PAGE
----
The technical challenges of increasing transparency through open data

The coalition government has been busy making headline announcements over the past few weeks, many of them relying on or directly affecting IT the public sector.

The coalition government has been busy making headline announcements over the past few weeks, many of them relying on or directly affecting IT the public sector.

David Cameron expects IT budgets to play a central role in the £6bn cuts he wants to make, and has also written to departments asking them to upload large amounts of data within fairly strict deadlines.

The open letter to departments and local authorities sets out requirements for the publication of data sets this year, and work is ongoing to ensure that performance data (such as crime statistics in different council zones) is uploaded regularly.

No problem

The announcements are likely to bring plenty of challenges for IT professionals - not least the ongoing battle to show that technology should be part of the solution, rather than a problem or cost that can be cut back easily.

The immediate work, alongside the reviews of big projects, will involve uploading performance data and data sets.

A lot of data is already online and few argue with the principle of increasing openness, but challenges will arise around making sure data is usable and meets certain standards, according to public sector Ovum analyst Sarah Burnett.

"There will need to be a standardised framework for reporting the data, because you have to know that what you are reading is an accurate representation of what's going on," she said.

"There will need to be ways of ensuring that organisations don't have to upload the information manually, and of checking the data is good quality," she added.

"A lot of it will already be available, but different authorities need to have agreements between them. You need to automate the process as much as possible, otherwise staff will have to spend their time doing it, and that's not particularly efficient."

Sensitive data

David Wilde, chief information officer at Westminster City Council and a former central government CIO, said another hurdle will be to make sure you don't upload or share data that could be sensitive. "With contracts that are up for renewal and re-tender, there are some difficult issues around what we share and when."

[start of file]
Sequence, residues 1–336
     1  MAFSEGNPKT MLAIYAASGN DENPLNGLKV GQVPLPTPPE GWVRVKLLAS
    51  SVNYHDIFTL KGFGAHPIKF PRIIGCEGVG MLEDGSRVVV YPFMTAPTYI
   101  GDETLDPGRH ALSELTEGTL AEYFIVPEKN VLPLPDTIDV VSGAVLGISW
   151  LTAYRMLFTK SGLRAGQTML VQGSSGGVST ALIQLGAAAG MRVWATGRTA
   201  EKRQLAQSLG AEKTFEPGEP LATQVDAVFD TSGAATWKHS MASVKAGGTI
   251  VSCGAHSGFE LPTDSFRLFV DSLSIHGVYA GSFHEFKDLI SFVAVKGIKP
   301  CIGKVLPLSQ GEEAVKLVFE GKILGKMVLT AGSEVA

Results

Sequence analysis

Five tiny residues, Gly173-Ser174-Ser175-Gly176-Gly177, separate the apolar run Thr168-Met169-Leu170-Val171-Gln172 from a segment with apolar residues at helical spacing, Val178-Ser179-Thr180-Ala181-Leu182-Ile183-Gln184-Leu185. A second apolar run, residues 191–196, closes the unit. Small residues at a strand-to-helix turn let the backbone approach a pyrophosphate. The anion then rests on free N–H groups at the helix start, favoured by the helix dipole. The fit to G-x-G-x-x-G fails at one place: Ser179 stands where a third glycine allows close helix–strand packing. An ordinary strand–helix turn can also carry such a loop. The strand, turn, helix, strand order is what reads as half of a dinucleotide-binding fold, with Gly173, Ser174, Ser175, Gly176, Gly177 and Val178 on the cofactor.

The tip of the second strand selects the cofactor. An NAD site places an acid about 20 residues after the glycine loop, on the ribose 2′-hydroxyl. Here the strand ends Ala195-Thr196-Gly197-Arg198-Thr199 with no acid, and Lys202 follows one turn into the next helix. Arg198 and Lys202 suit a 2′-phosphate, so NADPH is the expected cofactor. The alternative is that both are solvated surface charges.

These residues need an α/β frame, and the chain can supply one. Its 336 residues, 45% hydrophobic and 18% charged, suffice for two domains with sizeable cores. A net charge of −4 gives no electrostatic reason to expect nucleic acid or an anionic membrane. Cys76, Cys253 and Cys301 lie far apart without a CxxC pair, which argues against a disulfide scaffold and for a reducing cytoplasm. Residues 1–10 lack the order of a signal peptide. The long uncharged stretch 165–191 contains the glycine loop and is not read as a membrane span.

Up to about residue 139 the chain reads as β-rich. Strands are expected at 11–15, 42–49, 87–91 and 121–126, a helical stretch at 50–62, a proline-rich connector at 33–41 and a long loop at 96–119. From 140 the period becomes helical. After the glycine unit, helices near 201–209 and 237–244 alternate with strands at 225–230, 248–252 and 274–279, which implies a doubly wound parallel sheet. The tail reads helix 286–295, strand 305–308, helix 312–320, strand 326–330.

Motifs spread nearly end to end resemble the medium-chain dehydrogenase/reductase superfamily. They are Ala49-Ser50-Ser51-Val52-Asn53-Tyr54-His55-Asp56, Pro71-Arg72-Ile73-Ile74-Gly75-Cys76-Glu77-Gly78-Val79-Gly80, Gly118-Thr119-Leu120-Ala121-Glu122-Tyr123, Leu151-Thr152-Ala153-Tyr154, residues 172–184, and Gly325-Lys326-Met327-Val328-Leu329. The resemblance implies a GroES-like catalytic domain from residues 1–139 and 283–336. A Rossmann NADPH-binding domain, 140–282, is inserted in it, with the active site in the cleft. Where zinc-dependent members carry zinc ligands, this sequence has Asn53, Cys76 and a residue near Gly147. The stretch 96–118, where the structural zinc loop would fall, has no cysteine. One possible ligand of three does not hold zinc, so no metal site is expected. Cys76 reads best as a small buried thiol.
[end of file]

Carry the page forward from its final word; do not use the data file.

Councils must publish every transaction over £500, and Jos Creese, president at the society of IT management, Socitm, added that there might also be sensitive data around purchases relating to adult social care or fostering children.

The sheer amount of data that will need to be published is overwhelming, and Creese who is also CIO at Hampshire County Council, said it will take some time to automate the whole process.

"We estimate we have 250,000 payments a year, and there's no automatic reporting mechanism in the standard financial systems. Maybe that's something suppliers will need to provide in the future. At the moment we are talking about putting stuff up in a raw format."

Councils whose IT is outsourced could face further issues and costs, he added.

"The concerns are around the technical and resource challenges," he said. "We don't quite know how big a job it's going to be at this stage. The sooner we scope it out the sooner we'll know about inherent challenges."

The next stage, Wilde added, is what to do once the data is up.

"The next question is how much money and time does the government spend making the data usable - or whether we leave that to other people. Revealing the data might not cost much - what could be expensive is interpreting it, and delivering it in formats that people want."

What the public sector must share:

  • Historic data on the Combined Online Information System (Coins) database, which lists every item of central government spending.
  • All new central government IT contracts.
  • All tender documents for contracts over £10,000. They must be published on a single website from September 2010.
  • New items of central government spending over £25,000 must be online from November 2010.
  • All new central government contracts online in full from January 2011.
  • Full information on international development projects over £500, including financial information and project documentation.
  • Local government to publish new items of spending over £500, and contracts and tender documents for anything over £500, from January next year.
  • Local crime data to be published from 2011. The pay rates of the top-earning civil servants have already been published.

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